SETTLEMENT IN 7-YEAR SPECIAL EDUCATION SEGREGATION LAWSUIT 

On Wednesday, the New Jersey Department of Education (NJDOE) settled a federal disability rights lawsuit involving claims that too many students with disabilities were separated from their non-disabled peers. The plaintiffs, a coalition of disability rights advocacy groups, filed the lawsuit in 2007, charging that the state placed special education students in restrictive settings at a rate that was twice as high as twenty-six other states.  While federal law requires that students with disabilities be placed in the least restrictive environment, data from NJDOE showed that 3.8% of the nation’s students receiving special education services were in New Jersey, yet the state had 9% of students nationally in restrictive placements.” The settlement requires the state to conduct a least restrictive needs assessment for about 75 school districts and to train, monitor, and support those districts for compliance with special education laws.   Once the corrective plans are developed, districts have three years to fully comply. “It’s a big case and very exciting to be at this point” said Ruth Lowenkron of the Education Law Center, one of four plaintiffs. “We have been working a long, long time on the case and the settlement, and this is the final piece of it.” 

ADVOCACY ALERTS!!  

POWER IN NUMBERS:  PSN ECONOMIC SECURITY NATIONAL WEEK OF ACTION
People working together are greater than they can ever be working apart. Last September, more than 20 legislators from 12 states came together for the first legislator-led National Week of Action for Public Education.  The movement continues  next month when progressive legislators nationwide will come together to take part in Progressive States' National Week of Action for Real Prosperity Across America. Public Education working group leadership members Sen. Nan Orrock and Rep. Mandela Barnes and working group members Sen. Dwight Bullard and Rep. Susan Fisher have already signed on.  Will you join them?  If you are interested, please reach out to me or our Campaign Director  abailey@progressivestates.org.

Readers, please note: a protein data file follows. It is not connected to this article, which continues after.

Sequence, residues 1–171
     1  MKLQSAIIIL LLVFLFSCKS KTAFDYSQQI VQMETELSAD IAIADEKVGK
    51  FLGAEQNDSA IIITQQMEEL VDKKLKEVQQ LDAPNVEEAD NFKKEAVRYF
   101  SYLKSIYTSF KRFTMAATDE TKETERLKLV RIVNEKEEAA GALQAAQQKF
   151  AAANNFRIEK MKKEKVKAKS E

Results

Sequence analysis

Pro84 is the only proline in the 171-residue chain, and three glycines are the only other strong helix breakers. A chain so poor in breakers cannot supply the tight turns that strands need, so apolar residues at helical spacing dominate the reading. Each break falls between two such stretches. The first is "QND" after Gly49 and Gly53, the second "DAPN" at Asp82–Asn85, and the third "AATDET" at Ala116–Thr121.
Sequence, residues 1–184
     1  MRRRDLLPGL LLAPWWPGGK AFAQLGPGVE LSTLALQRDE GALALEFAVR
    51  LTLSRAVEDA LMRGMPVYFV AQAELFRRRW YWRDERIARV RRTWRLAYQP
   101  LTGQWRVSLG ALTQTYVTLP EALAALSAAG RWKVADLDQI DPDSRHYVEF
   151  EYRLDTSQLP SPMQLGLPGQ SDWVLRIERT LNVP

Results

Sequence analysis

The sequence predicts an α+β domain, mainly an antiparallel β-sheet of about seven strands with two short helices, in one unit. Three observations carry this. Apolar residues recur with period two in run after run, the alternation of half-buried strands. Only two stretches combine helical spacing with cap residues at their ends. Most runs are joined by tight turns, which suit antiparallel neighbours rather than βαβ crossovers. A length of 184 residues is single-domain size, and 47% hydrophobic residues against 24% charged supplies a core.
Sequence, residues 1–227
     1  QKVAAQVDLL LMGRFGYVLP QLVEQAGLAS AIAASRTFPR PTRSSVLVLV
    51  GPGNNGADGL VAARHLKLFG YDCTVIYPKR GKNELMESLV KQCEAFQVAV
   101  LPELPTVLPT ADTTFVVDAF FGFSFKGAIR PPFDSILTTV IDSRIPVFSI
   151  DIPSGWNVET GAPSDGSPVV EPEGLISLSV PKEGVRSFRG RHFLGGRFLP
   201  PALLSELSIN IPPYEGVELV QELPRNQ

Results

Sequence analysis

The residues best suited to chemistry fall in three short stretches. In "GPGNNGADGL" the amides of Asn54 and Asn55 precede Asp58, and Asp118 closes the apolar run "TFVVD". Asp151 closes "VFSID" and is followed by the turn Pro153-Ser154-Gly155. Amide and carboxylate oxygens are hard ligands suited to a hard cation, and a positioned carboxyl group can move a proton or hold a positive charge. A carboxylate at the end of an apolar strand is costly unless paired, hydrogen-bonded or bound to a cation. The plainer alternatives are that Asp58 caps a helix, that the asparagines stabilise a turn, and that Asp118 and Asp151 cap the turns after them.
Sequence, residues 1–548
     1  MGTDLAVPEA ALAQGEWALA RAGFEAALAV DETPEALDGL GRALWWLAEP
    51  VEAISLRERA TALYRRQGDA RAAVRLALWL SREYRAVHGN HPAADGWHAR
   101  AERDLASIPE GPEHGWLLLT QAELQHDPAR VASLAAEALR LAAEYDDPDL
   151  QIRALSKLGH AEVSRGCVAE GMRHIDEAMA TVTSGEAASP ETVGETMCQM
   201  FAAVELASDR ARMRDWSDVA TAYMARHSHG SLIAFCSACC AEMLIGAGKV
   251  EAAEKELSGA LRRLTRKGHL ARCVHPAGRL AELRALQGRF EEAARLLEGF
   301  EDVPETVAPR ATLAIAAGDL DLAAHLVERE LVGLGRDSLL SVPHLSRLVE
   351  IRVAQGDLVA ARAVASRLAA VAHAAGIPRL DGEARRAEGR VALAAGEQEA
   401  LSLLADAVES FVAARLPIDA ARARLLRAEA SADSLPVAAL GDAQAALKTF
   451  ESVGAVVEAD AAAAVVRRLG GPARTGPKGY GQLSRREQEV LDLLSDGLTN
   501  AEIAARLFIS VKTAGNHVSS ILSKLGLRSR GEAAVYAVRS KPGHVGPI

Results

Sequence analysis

INEQUALITY FOR ALL OFFICIAL RELEASE
Last September PSN partnered with the Center for Popular Democracy and the Roosevelt Institute to host a special film screening of Inequality For All, a gripping documentary in which Labor Secretary Robert Reich lays out an immense challenge facing America today: the growing divide between the wealthiest few and the rest of us.  Starting this weekend, Inequality for All is available on Netflix. Watch it.  Tell your friends.  Build the movement.   

A MICROSCOPE OF FOR PROFIT EDUCATION: CA$HING IN ON KID$
On Thursday, American Federation of Teachers President Randi Weingarten and In The Public Interest director Donald Cohen unveiled Cashing in on Kids—a one-stop shop for the facts about for-profit education in America.   The new site puts a microscope on the impact of for-profit education and curates news and information about five charter-school operators: K12 Inc., Imagine Schools, White Hat Management, Academica, and Charter Schools USA.